Whenever I have worries I first ask myself, is this a genuine situation that needs sorting or is it something I have no control over. If I have no control over it I dismiss it. If it's something that needs sorting, I either sort it out, seek help to sort it out or, if it can't be solved immediately, park it until it can. It's taken me time to get to this point. But the more you practice it the easier it becomes. Writing things down can help you decide what worries come under what heading and what you can do about each one, if anything.

Harleyisme Mon 11-Mar-19 17:27:09

I know alot of my worries are irrelevant and silly. I try to tell myself this i just dont know how to move on and stop my mind from wondering.

I have done it i have self refered to mind matters.

Malibucyprus Mon 11-Mar-19 17:40:38

My CBT course is via an online NHS self referral. I started off completing the tasks on the app (I’ll be honest they didn’t help me) but was offered telephone sessions after a few weeks, and I now have fortnightly phone calls with a therapist, and she really has helped me.

Good luck 🙂

Asta19 Mon 11-Mar-19 17:46:13

That's good OP, good luck flowers

GodolphianArabian Mon 11-Mar-19 17:48:29

I suffer from anxiety and I've found changing my diet has helped enormously. I now eat much more fruit and vegetables and have cut out refined carbohydrates. A lot of my worries have seemingly evaporated and my sleep has improved. Its honestly been the best thing for me and worth a try.

cryingandcrap Mon 11-Mar-19 17:49:53

I worry too. Every day I am going to be sacked or something awful is going to happen, it's exhausting.

Harleyisme Mon 11-Mar-19 18:00:07

Thank you for the good lucks.

Crying it is and am fed up of being exhausted all the time.

stacktherocks Tue 12-Mar-19 08:33:45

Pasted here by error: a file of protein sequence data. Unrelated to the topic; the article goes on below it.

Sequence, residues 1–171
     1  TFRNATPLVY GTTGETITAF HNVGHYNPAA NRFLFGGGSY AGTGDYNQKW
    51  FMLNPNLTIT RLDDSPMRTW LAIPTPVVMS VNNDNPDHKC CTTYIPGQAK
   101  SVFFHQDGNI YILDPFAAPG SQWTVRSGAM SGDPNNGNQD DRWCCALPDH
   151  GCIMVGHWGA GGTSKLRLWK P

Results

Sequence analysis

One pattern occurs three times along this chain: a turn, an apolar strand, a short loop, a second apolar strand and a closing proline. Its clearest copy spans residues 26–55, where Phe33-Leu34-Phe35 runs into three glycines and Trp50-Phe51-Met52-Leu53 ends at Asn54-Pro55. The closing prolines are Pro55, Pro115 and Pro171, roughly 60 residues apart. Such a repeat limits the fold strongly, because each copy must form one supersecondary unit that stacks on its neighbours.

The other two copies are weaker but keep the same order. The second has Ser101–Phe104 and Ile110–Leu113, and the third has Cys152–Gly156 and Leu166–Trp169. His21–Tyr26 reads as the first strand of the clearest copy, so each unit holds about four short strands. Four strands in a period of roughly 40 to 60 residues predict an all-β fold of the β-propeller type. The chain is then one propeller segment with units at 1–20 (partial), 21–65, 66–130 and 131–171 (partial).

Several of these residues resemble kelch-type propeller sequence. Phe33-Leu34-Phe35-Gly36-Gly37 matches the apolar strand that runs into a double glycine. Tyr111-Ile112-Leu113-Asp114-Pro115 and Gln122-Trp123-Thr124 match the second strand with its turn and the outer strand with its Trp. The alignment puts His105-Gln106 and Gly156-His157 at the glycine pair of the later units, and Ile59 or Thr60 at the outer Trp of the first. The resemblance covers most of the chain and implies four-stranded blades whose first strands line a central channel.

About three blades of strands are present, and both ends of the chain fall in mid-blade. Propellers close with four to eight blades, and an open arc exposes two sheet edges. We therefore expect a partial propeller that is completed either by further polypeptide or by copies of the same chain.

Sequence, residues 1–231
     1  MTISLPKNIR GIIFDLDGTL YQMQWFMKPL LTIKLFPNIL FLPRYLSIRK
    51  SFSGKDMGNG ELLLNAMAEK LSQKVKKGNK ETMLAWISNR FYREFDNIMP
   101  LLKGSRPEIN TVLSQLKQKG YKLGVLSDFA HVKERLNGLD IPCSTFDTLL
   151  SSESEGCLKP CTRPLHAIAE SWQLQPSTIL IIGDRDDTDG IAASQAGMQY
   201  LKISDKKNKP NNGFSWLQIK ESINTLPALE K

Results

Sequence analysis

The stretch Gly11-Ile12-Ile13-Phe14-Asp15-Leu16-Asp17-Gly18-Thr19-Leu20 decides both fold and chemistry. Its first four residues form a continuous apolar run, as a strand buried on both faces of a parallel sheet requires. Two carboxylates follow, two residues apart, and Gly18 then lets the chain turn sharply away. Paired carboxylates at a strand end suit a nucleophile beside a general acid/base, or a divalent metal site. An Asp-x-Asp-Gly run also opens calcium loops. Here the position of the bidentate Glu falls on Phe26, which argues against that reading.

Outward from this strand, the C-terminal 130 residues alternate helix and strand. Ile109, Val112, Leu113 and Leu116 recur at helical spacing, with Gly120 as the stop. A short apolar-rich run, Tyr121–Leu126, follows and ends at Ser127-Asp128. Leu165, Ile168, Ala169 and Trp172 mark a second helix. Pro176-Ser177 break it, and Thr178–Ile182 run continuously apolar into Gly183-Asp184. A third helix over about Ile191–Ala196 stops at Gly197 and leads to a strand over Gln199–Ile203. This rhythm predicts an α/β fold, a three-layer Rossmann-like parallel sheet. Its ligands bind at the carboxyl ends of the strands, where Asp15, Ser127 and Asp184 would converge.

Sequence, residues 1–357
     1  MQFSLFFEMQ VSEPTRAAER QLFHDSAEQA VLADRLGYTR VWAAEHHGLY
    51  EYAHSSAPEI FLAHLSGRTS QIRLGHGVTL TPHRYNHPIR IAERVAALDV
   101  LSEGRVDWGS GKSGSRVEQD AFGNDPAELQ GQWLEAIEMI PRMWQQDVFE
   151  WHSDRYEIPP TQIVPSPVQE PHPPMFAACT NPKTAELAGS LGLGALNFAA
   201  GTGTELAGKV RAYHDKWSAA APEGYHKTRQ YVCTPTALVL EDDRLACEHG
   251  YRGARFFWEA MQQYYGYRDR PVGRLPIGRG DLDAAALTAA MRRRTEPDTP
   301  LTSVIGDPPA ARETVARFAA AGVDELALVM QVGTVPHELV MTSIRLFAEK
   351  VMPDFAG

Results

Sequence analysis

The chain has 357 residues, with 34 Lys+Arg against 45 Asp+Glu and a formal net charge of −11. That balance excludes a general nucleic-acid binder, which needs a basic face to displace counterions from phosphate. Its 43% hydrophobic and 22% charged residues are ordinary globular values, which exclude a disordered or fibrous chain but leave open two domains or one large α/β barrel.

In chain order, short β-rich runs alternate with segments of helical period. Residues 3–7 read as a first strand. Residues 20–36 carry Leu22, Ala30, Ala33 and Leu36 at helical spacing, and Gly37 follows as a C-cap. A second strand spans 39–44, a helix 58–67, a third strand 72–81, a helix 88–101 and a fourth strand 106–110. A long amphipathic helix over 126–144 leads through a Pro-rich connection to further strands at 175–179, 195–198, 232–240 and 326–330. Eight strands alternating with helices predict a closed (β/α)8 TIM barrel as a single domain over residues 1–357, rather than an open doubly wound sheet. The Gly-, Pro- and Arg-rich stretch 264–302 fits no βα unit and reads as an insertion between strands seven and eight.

Hey OP, sorry I’m a bit late (saw your post last night but was too tired so I kept it open for this morning!)

People have recommended CBT and a few specific techniques such as worry time so I wanted to give you the link to a really good self help CBT course for excessive worry. It’s free, just print out a module at a time and work through it. It helps you to understand what excessive worry is, why it’s a problem, and how to reduce it and gives you a deeper understanding of yourself. It’s aimed at newbies to CBT and if you decide to apply for therapy and there’s a waiting list you can be helping yourself in the meantime (and what you learn will come in useful in therapy).

Here’s the link, under ‘workbook what, me worry!?’: cci.health.wa.gov.au/Resources/Looking-After-Yourself/Worry-and-Rumination

You could also start now by just reading this sheet and seeing if any of it rings true for you. If it does then you know you’re on the right track cci.health.wa.gov.au/~/media/CCI/Mental%20Health%20Professionals/Generalised%20Anxiety/Generalised%20Anxiety%20-%20Information%20Sheets/Generalised%20Anxiety%20Information%20Sheet%20-%2001%20-%20What%20is%20Generalised%20Anxiety.pdf

Good luck, and if you need any help or advice or just wanna check in post here, I’ll probably see it under my recent posts smile

FarBeyonddispair Tue 12-Mar-19 08:51:27

OP. It sounds like your eldest ds could do with intervention now. Is there any way you could get him seen privately then at least he could immediately begin steps to getting well, and the support will probably help ease at least a little worry from you.

Harleyisme Tue 12-Mar-19 16:35:40

Thank you stacktherocks i will take a look.

Farbeyond i wish we could afford to go private for him but we can't. I am seeing the docotor again tomorrow about getting him support and where they will be refering him to next.